Then he said to me, “Mortal, these bones are the whole house of Israel. They say, ‘Our bones are dried up, and our hope is lost; we are cut off completely.’ Therefore prophesy, and say to them, Thus says the Lord God: I am going to open your graves, and bring you up from your graves, O my people; and I will bring you back to the land of Israel. And you shall know that I am the Lord, when I open your graves, and bring you up from your graves, O my people. I will put my spirit within you, and you shall live, and I will place you on your own soil; then you shall know that I, the Lord, have spoken and will act,” says the Lord.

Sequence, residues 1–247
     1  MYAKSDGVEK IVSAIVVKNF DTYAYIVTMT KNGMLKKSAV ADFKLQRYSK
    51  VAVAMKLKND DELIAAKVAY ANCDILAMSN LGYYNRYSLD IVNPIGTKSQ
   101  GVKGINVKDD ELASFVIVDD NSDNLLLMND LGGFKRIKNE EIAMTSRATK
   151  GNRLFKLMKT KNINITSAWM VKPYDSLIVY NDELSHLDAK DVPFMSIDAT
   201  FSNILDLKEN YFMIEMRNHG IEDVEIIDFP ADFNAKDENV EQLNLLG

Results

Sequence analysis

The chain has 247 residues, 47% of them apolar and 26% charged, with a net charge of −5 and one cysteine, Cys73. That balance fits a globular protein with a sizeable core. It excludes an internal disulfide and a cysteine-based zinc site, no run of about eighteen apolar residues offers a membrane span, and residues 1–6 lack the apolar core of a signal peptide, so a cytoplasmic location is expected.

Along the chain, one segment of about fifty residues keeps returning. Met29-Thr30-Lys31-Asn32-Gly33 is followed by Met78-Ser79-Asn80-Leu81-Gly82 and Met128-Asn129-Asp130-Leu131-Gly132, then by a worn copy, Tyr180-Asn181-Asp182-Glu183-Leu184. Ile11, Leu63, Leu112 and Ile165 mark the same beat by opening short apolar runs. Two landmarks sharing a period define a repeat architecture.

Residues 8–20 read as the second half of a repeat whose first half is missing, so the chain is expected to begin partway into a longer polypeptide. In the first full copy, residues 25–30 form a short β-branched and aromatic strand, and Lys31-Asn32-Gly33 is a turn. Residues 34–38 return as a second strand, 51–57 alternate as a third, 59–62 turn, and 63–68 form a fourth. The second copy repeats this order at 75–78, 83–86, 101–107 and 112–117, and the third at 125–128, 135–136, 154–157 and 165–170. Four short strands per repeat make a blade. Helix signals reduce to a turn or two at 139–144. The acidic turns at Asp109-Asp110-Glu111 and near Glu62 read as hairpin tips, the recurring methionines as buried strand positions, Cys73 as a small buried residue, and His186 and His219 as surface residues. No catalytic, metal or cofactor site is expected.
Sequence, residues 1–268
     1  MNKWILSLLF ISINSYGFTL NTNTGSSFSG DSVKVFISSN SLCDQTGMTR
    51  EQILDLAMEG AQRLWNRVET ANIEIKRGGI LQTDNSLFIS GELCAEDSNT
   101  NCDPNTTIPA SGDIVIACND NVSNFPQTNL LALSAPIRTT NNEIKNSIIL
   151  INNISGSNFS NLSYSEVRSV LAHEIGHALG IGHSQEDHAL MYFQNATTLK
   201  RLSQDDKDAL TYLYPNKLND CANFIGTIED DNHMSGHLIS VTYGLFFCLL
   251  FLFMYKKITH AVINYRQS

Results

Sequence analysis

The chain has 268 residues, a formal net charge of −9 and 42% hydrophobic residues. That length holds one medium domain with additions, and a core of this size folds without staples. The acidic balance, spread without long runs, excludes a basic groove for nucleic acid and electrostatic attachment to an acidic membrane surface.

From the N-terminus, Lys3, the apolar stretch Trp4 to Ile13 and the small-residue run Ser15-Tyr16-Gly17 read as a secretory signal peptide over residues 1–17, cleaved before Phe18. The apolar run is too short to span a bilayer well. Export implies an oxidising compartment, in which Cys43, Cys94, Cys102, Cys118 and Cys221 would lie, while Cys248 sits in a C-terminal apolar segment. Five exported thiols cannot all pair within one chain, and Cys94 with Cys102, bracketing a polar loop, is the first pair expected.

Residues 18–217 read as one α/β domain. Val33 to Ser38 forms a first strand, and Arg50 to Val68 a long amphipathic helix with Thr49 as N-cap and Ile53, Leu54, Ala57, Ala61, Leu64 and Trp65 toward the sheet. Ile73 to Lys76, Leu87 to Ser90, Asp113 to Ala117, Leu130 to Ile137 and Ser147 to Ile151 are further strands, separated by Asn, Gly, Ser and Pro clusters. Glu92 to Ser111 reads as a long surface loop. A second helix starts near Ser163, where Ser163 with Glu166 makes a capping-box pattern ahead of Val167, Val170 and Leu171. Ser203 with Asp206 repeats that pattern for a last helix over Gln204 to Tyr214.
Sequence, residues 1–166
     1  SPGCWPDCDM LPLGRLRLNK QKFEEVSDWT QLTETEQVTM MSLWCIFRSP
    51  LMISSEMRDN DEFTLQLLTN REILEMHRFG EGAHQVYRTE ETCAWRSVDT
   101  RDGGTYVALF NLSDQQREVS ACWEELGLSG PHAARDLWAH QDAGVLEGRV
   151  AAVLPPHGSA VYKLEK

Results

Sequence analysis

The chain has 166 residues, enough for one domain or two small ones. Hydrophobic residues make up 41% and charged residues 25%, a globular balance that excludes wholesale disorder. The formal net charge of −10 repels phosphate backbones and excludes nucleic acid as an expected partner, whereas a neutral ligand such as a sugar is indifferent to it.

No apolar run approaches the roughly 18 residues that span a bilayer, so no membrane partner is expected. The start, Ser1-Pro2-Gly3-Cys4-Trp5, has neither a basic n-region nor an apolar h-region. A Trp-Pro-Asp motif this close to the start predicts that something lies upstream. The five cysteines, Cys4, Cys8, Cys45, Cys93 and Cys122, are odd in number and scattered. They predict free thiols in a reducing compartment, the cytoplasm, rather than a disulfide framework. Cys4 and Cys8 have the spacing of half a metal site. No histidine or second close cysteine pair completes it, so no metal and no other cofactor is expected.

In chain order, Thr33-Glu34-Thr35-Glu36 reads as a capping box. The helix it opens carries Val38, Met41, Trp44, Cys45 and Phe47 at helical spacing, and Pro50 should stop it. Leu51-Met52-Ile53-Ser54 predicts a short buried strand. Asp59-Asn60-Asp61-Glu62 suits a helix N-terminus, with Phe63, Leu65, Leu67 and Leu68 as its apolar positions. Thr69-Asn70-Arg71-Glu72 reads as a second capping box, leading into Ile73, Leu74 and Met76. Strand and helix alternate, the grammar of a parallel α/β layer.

One Response to “Fix Our Hearts”

  1. said


    Jody, I think this is your best one yet. Thank you.


    Lucia robinson